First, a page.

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I'm drawing some text in Mac/iOS cross-platform code using CoreText. I may be using fonts that do not have a real "Italic" version installed in the OS for all users, but they need to be aware that the text is italic even then.

With AppKit's NSAttributedString -drawAtPoint:, I can use NSObliquenessAttributeName to make the text slanted (and thus look italic -- well, oblique). CoreText doesn't seem to have an equivalent for this attribute. At least I found none in CTStringAttributes.h (not that there's any documentation even years after CoreText was released).

Does anyone know how I can get oblique text with CoreText on iOS?

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Documentation for Core Text? You mean this?… – Peter Hosey Feb 28 '12 at 17:34
I clicked "Reference" in Mac dev center, typed CoreText into the search field, and all I got was three sample apps. How'd you pull out these secret docs? – uliwitness Feb 28 '12 at 18:09
It's the top Reference hit on . – Peter Hosey Feb 28 '12 at 18:29
up vote 1 down vote accepted

Displaying a font that has no italic trait as italic is generally a bad idea. However, I can understand that there are some cases where this has to be enforced anyways.

The only solution that comes to my mind right now is to create a custom font with a sheared font matrix:

CGAffineTransform matrix = CGAffineTransformMake(1, tan(degreesToRadians(0)), tan(degreesToRadians(20)), 1, 0, 0);  
CTFontRef myfont = CTFontCreateWithName(CFSTR("Helvetica"), 48, &matrix);

You'll have to play with the matrix and see what brings the best results. (Please not that this is a fake code mix out of my head and the internet.)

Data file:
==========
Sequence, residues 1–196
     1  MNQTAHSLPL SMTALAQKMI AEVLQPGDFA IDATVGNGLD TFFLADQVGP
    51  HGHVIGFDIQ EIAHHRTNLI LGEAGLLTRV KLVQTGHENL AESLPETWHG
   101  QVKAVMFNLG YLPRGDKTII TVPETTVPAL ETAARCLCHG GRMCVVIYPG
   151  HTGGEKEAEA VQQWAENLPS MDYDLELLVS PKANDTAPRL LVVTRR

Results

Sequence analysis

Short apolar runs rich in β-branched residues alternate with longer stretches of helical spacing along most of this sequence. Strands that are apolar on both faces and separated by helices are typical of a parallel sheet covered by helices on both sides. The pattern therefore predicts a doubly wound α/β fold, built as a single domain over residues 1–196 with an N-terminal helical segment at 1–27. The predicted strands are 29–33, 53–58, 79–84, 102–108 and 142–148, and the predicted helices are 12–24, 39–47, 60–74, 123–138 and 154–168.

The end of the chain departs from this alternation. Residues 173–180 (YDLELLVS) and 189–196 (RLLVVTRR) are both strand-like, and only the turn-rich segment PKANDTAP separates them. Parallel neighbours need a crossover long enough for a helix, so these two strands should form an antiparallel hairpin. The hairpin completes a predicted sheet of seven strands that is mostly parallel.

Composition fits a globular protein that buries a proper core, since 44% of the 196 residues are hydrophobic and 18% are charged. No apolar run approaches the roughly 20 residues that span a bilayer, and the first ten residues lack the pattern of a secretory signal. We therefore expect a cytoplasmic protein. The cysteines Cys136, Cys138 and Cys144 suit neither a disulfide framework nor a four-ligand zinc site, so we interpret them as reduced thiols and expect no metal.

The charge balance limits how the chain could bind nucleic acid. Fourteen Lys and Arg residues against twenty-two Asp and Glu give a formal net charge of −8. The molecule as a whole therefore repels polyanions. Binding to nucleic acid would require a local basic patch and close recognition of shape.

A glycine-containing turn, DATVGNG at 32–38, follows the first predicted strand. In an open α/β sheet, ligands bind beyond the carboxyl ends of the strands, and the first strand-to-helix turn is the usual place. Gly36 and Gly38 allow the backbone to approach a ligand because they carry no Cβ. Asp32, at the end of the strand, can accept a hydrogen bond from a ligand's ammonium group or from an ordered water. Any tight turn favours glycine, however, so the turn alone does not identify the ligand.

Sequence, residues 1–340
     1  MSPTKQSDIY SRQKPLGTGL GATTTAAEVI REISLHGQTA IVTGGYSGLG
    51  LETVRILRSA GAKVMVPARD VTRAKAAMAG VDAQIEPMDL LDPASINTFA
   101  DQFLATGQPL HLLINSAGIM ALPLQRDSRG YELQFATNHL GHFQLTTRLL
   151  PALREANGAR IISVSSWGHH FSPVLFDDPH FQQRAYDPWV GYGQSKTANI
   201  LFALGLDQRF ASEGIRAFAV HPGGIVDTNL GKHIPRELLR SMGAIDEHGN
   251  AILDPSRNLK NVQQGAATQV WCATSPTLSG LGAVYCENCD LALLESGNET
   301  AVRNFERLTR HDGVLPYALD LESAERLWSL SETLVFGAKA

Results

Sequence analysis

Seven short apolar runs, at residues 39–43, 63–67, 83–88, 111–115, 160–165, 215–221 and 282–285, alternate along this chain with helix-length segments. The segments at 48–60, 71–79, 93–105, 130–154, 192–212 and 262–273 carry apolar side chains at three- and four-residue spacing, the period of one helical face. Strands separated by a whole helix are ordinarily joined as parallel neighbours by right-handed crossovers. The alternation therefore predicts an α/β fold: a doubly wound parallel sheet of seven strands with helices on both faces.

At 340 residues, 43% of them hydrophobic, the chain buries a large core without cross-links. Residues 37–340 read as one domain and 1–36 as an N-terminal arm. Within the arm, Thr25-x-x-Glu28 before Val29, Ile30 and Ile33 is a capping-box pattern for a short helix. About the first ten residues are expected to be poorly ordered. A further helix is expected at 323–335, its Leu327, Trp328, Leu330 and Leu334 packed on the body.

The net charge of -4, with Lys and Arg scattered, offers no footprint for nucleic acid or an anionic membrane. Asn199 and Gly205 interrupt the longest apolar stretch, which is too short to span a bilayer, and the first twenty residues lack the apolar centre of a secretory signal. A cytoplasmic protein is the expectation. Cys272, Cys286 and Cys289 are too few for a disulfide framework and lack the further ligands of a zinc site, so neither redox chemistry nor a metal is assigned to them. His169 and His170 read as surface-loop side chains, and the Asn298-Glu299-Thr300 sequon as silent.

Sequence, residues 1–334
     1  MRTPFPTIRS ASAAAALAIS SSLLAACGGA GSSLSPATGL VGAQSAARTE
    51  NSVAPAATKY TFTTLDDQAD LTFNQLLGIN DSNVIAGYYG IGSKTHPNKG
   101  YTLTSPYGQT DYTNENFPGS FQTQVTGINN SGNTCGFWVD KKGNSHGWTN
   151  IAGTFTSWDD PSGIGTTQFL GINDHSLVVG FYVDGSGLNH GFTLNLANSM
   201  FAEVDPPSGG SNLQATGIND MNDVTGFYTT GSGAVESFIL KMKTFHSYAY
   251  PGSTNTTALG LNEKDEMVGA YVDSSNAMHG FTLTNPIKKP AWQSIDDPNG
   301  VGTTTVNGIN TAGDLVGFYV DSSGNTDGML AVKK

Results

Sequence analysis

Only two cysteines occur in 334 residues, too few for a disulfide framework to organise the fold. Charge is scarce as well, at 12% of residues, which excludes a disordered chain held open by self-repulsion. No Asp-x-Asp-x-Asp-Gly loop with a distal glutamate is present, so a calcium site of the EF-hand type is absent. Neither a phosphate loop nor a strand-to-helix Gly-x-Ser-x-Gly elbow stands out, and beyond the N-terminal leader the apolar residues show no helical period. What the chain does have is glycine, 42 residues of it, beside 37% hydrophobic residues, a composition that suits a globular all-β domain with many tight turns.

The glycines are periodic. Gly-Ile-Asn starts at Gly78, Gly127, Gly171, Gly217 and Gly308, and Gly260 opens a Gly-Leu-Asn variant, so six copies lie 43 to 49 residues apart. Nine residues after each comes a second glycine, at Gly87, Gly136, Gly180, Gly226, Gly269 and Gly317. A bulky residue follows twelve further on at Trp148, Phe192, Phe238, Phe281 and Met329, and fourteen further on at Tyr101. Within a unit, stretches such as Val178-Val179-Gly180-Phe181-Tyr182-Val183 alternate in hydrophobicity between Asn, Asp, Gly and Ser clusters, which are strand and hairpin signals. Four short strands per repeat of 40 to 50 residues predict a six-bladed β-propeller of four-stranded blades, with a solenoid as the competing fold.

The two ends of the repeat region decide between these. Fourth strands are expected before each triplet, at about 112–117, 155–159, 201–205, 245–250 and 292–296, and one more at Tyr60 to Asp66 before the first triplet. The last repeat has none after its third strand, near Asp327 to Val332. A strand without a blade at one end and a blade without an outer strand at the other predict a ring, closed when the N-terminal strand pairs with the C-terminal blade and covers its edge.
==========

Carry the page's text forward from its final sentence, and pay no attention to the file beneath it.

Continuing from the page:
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I think you want a shear matrix rather than a rotation matrix. – alastair Feb 28 '12 at 17:54
Thanks, I'll try that, with Alastair's correction. I'd be happy not to have to display faux italics, but it's pre-existing data that used to do this, and I can't just drop information that used to display just fine previously. :-) – uliwitness Feb 28 '12 at 18:03
Yes, a slant matrix is what you'd want. – Max Seelemann Feb 28 '12 at 18:11
Another workaround would be to fall back to a different font that does have italics. But that would probably look even worse... – fzwo Feb 28 '12 at 22:38
Looking at this again, I note that Max’s matrix actually is a shear matrix (and not a rotation matrix as he originally said). – alastair Feb 29 '12 at 10:52

I’d try using the affine transform argument to CTFontCreateWithName() with a shear matrix. For instance

CGAffineTransform matrix = { 1, 0, 0.5, 1, 0, 0 };
CTFontRef myFont = CTFontCreateWithName(CFSTR("Helvetica"), 48, &matrix);

That will create quite an extreme skew (assuming I got it right), but you get the idea.


In fact, the documentation appears to imply that this is the right way to do things.

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Good answer but please never make me have to look at this. – hooleyhoop Feb 28 '12 at 20:05

Haven't tried, but according to iOS Programming Pushing The Limits, passing kCTFontItalicTrait to CTFontCreateCopyWithSymbolicTraits will choose true italic if available, and oblique otherwise. There's also kCTFontSlantTrait for manual decimal slant up to 30 degrees.

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As far as I know this only works for fonts that actually feature a italic variant. I understood the question as if the OP wanted to display italic with a font that does not have italic. – Max Seelemann Feb 28 '12 at 17:42
I tried kCTFontSlantTrait, that didn't help (I get the feeling that's a read-only attribute). The italic trait picks an oblique font in cases like Courier, that actually come with a pre-built oblique variant, but some of the fonts I need to display don't even have that. – uliwitness Feb 28 '12 at 17:51

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